What is the distinctive of NCT? The majority of the authors that I've read are coming from a reformed or covenant theology viewpoint (Kline, Vos, Hoekema, Ridderbos, Horton, Goldsworthy, Beale). I appreciate much of what I've read there. I've also read short explanations of NCT, and some lists of their beliefs, but overall it seems quite similar to covenant theology. What do they perceive to their biggest difference, and what are the ramifications of their theological differences as it is worked out? I did notice that they see the New Covenant as being the apex of God's self-revelation. They don't see the New and Old Covenant as two separate, but equal, instances of the covenant of grace. This seems okay to me. The Old Covenant was shadow and pedagogue, the New is apex and fulfillment. What am I missing?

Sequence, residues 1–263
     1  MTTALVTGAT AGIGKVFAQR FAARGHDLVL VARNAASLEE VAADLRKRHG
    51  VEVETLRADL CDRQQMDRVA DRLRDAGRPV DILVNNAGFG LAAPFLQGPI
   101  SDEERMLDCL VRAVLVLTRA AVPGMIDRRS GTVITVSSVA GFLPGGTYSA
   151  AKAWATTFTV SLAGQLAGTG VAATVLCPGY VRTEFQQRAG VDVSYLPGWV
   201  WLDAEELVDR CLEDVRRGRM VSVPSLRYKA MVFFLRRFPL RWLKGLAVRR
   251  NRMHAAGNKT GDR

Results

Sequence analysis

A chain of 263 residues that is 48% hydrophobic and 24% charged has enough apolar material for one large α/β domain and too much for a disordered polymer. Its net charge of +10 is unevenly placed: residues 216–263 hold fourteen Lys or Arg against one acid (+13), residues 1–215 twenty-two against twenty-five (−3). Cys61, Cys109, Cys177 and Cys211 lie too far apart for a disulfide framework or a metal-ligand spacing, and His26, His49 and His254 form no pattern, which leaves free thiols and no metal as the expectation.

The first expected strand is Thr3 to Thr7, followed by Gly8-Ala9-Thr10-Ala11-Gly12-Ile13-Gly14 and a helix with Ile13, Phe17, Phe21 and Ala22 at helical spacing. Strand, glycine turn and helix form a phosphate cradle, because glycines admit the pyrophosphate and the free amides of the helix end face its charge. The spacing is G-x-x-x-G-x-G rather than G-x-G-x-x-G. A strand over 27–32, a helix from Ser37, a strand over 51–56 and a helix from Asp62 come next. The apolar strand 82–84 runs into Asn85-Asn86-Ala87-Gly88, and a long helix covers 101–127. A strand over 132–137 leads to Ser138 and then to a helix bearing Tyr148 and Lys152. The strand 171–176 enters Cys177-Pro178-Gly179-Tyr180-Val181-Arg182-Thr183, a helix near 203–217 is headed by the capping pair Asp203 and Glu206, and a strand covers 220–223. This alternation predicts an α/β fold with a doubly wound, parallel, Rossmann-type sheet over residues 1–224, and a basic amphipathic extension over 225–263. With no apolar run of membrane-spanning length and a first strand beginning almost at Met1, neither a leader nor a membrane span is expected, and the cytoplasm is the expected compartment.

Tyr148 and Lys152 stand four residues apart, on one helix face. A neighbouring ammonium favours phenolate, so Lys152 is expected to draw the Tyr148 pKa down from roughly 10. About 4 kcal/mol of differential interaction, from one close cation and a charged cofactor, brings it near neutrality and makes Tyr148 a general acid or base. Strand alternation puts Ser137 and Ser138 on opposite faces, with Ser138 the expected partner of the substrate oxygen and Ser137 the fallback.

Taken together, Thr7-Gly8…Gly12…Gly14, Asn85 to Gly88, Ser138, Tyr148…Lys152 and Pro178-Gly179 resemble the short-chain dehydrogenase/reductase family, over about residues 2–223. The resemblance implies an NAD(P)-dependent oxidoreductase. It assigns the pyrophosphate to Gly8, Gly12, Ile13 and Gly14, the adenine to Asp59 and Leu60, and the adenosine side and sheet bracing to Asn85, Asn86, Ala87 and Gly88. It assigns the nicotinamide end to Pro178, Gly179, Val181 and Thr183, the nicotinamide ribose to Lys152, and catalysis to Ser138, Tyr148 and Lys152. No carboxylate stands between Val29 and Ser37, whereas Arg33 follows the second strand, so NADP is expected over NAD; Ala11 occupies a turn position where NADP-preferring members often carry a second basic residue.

Sorry. I'm always tossing a bunch of questions at you.

John A. (Protoprotestant) said...

To varying degrees Covenant Theology (CT) believes that there is an underlying post-fall Covenant. The theme I will be your God and you will be my people keeps coming up over and over again. He has one people, the one tree, the one vine, Israel etc….
The question is how do the OT/NT differ?
Is the difference one of form…that substance of the Covenant is administered in different forms….
Or is there just total discontinuity.
Now among the CT camp, there are variations. The Klinean group sees the Mosaic period as a sort of parenthesis between Abraham and the New Covenant.
The Theonomic group see Abraham and Moses as pretty much a singular unit and downplay the form shift when you come to the NT.
Some Theonomists even extend the substance back to the pre-fall era….Redemptive Grace in the Garden.